FDA Approves Sotorasib for KRAS G12C–Mutated NSCLC
On May 28, the U.S. Food and Drug Administration (FDA) approved sotorasib (Lumakras) as the first treatment for adult patients with non–small cell lung cancer (NSCLC) whose tumors have a KRAS G12C genetic mutation and who have received at least one prior systemic therapy. This is the first approved targeted therapy for tumors with any KRAS mutation.
KRAS G12C is one of the most prevalent driver mutations in NSCLC, with about 13% of patients with nonsquamous NSCLC in the United States having the mutation.
Richard Pazdur, MD
“KRAS mutations have long been considered resistant to drug therapy, representing a true unmet need for patients with certain types of cancer,” said Richard Pazdur, MD, Director of the FDA’s Oncology Center of Excellence and Acting Director of the Office of Oncologic Diseases in the FDA’s Center for Drug Evaluation and Research. “[This] approval represents a significant step toward a future where more patients will have a personalized treatment approach.”
The FDA approval of sotorasib is based on results from a subset of patients in CodeBreaK 100, the largest clinical trial conducted to date exclusively for patients with the KRAS G12C mutation. The trial demonstrated favorable efficacy and tolerability in 124 patients with KRAS G12C mutation–positive NSCLC who had disease progression after receiving an immunotherapy and/or chemotherapy.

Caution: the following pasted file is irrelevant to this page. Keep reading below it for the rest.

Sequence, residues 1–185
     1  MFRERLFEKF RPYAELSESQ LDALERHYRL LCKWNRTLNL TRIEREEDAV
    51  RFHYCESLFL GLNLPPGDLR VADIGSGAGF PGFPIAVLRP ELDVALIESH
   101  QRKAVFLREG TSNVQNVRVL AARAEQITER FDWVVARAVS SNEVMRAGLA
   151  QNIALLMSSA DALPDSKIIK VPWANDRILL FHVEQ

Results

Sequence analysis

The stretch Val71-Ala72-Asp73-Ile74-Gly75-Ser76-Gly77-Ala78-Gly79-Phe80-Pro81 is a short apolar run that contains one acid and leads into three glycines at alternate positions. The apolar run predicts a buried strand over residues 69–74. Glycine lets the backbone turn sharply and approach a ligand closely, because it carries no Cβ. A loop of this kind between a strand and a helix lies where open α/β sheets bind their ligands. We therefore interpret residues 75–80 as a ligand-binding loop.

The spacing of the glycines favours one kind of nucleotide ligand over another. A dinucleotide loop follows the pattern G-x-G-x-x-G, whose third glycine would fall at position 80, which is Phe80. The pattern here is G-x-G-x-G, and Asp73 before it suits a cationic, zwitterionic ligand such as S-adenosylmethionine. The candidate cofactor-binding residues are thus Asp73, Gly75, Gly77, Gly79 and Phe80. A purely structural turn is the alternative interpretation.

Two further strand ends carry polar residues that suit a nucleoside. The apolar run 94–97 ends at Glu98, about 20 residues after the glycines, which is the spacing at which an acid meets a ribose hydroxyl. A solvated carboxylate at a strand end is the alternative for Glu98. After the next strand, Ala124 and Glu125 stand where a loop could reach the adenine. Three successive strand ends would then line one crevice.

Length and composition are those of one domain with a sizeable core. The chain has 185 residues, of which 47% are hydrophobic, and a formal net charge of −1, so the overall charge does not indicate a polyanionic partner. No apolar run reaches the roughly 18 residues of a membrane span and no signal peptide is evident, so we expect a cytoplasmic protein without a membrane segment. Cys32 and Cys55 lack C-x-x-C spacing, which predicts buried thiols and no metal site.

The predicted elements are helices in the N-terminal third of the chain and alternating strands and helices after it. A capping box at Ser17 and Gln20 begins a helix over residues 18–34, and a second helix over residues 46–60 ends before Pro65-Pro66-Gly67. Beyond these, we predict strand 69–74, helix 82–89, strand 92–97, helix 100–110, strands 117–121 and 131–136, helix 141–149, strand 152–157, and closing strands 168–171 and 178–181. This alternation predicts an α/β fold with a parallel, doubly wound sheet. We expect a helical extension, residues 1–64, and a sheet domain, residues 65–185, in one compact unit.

In the trial, 960 mg of sotorasib administered orally once daily demonstrated an overall response rate (a proportion of patients with ≥ 30% decrease in tumor) of 36% (95% confidence interval [CI] = 28%–45%), with 81% (95% CI = 73%–87%) of patients achieving disease control. The median duration of response was 10 months. The most common adverse reactions (≥ 20%) were diarrhea, musculoskeletal pain, nausea, fatigue, hepatotoxicity, and cough. Adverse reactions resulting in permanent discontinuation of sotorasib occurred in 9% of patients.
Sotorasib was approved using the Accelerated Approval pathway, under which the FDA may approve drugs for serious conditions where there is an unmet medical need and a drug is shown to have certain effects that are reasonably likely to predict a clinical benefit to patients. Further study is required to verify and describe anticipated clinical benefits of sotorasib.
The FDA granted this application Fast Track, Priority Review, and Breakthrough Therapy designations. Sotorasib also received Orphan Drug designation, which provides incentives to assist and encourage the development of drugs for rare diseases.
This review was conducted under Project Orbis, an initiative of the FDA Oncology Center of Excellence. Project Orbis provides a framework for concurrent submission and review of oncology drugs among international partners. For this review, the FDA collaborated with the Australian Therapeutic Goods Administration, the Brazilian Health Regulatory Agency, Health Canada, and Medicines and Healthcare products Regulatory Agency (MHRA; United Kingdom). The application reviews are ongoing at the other regulatory agencies.